Tue, May 26, 2015 - Page 3 News List

Soong not seeking presidency: Shih

OPTIONS:While saying outright that he would not run on James Soong’s ticket, Shih Ming-te did not rule out that Soong would join his campaign as running mate

By Loa Iok-sin  /  Staff reporter

Veteran political activist Shih Ming-te (施明德) yesterday said that People First Party (PFP) Chairman James Soong (宋楚瑜) would not run in next year’s presidential election as a candidate, but that it is “not entirely impossible” that Soong would be his running mate.

Shih made the statement in an interview with HitFM radio show host Clara Chou (周玉蔻).

“When I told Soong that I would run for president [during a meeting], he said he has no desire to run for president,” Shih said. “He is not the kind of person who calculates political gains all the time, he has got his own plans.”

Shih said he met with Soong again about a week before he made his own presidential bid public.

“We reached a mutual agreement that we would keep the door of cooperation open for each other,” he said.

Shih said he had been asked by “someone” to run as Soong’s campaign mate, but he rejected the offer because at the time, “he was a representative of the authoritarian regime, but I was someone from the resistance. If I agreed to the idea, it would be a surrender, not a reconciliation — only when Soong becomes my running mate would it be a reconciliation.”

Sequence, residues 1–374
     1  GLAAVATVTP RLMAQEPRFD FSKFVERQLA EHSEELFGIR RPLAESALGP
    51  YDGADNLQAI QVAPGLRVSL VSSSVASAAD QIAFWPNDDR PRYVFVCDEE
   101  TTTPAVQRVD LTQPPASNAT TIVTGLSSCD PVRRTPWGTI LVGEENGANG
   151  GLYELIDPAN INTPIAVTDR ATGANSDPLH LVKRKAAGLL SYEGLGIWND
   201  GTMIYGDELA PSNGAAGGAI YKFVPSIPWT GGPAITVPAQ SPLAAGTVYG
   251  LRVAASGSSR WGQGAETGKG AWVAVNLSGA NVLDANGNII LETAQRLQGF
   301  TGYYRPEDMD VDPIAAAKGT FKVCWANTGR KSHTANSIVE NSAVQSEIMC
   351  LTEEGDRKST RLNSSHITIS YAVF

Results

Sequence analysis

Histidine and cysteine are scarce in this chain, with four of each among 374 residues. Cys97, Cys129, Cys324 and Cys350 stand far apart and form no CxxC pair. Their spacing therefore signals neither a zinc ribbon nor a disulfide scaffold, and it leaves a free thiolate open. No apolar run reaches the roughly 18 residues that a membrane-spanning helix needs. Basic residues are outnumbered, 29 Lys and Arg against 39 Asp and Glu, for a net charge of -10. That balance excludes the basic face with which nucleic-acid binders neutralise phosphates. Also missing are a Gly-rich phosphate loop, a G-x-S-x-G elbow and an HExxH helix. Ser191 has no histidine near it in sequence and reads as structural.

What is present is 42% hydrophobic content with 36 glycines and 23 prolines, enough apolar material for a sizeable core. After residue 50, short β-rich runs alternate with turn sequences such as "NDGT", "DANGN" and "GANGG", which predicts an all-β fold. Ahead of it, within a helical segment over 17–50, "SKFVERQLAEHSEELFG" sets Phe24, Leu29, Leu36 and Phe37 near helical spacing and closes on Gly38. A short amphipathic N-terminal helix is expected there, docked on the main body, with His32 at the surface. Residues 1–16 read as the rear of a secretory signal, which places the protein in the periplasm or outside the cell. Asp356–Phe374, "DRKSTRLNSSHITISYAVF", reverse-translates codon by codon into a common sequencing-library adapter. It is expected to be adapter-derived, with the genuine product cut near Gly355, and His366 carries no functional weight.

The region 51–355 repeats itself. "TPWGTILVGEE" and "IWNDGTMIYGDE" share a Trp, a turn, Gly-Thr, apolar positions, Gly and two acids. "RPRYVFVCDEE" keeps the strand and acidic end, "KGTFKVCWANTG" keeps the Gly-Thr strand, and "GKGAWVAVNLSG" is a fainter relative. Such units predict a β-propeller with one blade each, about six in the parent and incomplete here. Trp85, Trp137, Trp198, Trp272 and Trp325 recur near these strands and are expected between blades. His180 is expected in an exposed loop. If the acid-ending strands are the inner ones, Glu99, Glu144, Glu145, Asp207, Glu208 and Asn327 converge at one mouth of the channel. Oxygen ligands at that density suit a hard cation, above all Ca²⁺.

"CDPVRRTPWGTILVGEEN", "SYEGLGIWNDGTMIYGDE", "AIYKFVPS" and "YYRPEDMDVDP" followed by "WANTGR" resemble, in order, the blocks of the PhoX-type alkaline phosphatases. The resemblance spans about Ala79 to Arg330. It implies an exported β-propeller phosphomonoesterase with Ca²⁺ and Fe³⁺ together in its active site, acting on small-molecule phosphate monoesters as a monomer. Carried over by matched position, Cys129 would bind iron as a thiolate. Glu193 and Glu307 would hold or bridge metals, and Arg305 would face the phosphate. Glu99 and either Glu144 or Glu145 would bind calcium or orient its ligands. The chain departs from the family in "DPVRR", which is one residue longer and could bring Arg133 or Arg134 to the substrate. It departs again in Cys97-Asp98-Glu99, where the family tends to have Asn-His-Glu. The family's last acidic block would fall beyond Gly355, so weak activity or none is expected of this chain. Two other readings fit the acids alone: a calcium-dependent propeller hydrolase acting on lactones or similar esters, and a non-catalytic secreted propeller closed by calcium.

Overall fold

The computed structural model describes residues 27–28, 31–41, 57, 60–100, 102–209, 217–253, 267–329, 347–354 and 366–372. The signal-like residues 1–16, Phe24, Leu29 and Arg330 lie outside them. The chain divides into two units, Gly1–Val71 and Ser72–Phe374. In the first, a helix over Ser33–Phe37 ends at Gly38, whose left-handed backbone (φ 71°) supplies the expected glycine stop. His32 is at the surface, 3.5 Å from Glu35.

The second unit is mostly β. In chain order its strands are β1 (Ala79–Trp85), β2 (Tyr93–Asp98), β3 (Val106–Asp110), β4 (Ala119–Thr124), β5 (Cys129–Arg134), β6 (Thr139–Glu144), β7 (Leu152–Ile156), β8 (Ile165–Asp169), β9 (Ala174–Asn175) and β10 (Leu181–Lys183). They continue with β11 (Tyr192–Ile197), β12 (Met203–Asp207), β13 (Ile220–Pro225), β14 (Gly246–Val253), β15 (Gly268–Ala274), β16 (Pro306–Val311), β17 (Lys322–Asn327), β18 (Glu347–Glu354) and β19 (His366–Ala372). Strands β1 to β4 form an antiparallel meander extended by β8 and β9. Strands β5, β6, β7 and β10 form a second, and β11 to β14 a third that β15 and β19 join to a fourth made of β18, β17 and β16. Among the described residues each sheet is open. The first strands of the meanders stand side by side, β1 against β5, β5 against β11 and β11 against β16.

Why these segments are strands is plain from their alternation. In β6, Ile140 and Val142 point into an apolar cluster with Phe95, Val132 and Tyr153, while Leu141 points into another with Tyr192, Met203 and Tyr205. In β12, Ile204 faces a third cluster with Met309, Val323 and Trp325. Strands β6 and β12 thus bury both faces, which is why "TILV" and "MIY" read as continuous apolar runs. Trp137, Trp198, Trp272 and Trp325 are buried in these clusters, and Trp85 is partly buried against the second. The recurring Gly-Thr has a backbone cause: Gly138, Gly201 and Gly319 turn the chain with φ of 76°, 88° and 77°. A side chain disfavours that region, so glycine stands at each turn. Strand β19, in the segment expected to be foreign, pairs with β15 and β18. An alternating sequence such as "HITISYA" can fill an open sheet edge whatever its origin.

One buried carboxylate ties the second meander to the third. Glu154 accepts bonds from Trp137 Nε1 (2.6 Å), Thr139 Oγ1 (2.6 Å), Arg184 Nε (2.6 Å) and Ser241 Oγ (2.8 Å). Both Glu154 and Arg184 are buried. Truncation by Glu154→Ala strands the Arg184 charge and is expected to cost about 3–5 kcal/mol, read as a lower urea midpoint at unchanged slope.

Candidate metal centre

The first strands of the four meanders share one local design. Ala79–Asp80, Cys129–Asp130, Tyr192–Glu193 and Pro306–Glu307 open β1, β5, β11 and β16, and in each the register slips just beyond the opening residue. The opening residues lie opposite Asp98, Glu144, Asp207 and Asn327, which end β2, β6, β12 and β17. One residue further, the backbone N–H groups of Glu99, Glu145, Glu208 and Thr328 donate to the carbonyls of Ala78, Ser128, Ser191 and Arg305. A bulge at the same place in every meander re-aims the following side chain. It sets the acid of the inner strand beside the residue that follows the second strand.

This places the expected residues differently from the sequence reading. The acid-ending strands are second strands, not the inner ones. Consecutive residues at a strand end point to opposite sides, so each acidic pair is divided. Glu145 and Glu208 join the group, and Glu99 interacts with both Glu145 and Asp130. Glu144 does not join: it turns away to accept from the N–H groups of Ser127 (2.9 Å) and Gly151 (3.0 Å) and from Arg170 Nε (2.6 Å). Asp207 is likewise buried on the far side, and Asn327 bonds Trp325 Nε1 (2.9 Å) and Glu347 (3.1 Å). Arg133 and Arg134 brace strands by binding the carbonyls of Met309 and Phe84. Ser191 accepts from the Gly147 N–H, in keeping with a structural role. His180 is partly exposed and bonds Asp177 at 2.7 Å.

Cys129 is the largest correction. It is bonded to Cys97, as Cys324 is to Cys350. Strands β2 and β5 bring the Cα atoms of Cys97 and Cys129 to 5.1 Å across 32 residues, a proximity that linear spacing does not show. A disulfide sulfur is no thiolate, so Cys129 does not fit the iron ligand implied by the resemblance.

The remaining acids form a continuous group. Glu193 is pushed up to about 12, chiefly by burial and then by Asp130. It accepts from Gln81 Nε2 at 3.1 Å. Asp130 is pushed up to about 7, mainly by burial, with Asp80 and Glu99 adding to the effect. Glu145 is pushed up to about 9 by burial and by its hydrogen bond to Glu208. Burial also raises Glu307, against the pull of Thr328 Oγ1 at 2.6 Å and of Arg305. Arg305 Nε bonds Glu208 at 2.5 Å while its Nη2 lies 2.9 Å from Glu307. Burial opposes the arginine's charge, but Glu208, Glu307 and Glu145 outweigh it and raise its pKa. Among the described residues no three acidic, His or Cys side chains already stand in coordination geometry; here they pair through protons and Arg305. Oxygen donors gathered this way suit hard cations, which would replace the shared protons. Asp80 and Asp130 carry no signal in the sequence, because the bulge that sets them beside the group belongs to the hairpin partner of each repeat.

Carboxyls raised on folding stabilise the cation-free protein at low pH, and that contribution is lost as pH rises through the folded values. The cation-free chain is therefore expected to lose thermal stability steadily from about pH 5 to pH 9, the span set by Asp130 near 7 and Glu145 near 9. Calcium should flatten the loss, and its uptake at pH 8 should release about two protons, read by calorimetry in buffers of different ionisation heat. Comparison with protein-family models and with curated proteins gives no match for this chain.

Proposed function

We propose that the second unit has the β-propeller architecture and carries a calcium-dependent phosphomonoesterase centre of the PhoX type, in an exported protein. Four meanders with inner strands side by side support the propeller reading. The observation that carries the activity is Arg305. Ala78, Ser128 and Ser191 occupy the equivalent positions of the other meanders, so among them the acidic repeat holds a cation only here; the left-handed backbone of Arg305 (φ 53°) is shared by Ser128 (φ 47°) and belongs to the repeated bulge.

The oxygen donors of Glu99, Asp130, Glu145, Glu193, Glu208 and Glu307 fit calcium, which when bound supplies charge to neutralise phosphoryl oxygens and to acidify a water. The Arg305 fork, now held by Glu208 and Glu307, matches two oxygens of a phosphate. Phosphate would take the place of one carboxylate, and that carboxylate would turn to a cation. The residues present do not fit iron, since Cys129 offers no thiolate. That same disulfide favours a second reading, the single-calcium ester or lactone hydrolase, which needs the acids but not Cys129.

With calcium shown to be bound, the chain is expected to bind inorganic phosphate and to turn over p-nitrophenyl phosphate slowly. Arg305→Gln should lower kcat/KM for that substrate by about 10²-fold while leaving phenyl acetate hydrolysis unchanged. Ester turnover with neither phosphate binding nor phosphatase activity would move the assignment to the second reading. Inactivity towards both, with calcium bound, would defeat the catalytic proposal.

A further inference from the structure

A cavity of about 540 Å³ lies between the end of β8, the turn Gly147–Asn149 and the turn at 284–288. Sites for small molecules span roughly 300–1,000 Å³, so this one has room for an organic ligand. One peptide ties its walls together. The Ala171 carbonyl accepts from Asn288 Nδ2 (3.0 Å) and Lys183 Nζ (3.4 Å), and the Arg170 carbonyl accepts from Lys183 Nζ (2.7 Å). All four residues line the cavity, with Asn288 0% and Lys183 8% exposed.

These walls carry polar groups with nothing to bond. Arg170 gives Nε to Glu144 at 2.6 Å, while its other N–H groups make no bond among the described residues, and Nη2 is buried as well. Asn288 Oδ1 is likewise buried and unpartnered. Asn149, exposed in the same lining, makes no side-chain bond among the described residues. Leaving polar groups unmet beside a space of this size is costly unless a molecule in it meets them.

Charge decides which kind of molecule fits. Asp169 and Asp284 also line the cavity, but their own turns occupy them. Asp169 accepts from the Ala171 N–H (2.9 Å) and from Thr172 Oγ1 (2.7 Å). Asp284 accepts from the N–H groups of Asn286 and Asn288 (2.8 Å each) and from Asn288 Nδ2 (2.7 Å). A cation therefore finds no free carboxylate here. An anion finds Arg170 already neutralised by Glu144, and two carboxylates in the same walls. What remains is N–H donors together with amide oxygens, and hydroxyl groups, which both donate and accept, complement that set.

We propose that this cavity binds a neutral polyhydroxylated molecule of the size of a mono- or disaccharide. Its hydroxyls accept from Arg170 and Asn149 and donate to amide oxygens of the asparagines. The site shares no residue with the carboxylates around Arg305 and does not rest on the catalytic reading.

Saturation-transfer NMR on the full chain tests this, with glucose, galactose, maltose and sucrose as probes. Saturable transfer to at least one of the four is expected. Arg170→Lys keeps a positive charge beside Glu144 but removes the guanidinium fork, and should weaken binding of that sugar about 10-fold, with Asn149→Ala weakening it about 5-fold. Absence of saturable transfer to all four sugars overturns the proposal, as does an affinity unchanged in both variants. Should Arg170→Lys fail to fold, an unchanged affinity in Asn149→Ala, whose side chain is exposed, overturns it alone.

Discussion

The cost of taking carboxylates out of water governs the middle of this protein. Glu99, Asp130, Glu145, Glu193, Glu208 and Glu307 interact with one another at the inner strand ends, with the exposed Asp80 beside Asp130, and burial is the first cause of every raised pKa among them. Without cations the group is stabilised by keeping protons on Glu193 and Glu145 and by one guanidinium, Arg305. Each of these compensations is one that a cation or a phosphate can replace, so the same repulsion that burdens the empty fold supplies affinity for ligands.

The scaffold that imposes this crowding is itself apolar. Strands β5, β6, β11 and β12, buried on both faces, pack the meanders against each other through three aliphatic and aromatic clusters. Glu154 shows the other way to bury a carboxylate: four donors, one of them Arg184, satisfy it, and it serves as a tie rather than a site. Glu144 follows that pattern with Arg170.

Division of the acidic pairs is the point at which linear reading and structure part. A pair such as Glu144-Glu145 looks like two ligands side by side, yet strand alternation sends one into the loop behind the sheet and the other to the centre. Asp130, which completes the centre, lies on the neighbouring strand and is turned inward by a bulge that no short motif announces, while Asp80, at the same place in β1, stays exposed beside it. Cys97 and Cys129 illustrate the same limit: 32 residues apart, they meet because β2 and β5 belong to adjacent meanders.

When first asked if Soong would be willing to become his running mate, Shih answered “no.” However, when pushed about “the possibility of a Shih-Soong campaign,” Shih said: “Of course not; you’re trying to trick me into saying it.”

While complimentary toward Soong, Shih had harsh words for Democratic Progressive Party (DPP) Chairperson Tsai Ing-wen (蔡英文).

“I would be frightened if Tsai gets elected, not because she is a woman but because she is simply not qualified,” Shih said.

Shih said Tsai does not put the interests of the public first.

“Immediately after her DPP nomination, Tsai visited business leaders, and said employees in Taiwan have too many holidays,” Shih said. “If you want me to say what I don’t like about Tsai, I could talk for more than two hours.”

Asked whether he would grant amnesty to former president Chen Shui-bian (陳水扁), he said the power is not in his hands, it is in Chen’s.

“He has never confessed what he did; if he does, a lot of people would let it go,” Shih said.

Commenting on the Chinese Nationalist Party’s (KMT) possible presidential candidate, Shih said that Vice President Wu Den-yih (吳敦義) might have the best prospects of the mooted candidates.

“If [KMT Chairman] Eric Chu (朱立倫) wanted to run, he would not have gone to China, because it would be said he had gone there to have his bid ‘authorized’ by Chinese President Xi Jinping (習近平),” Shih said.

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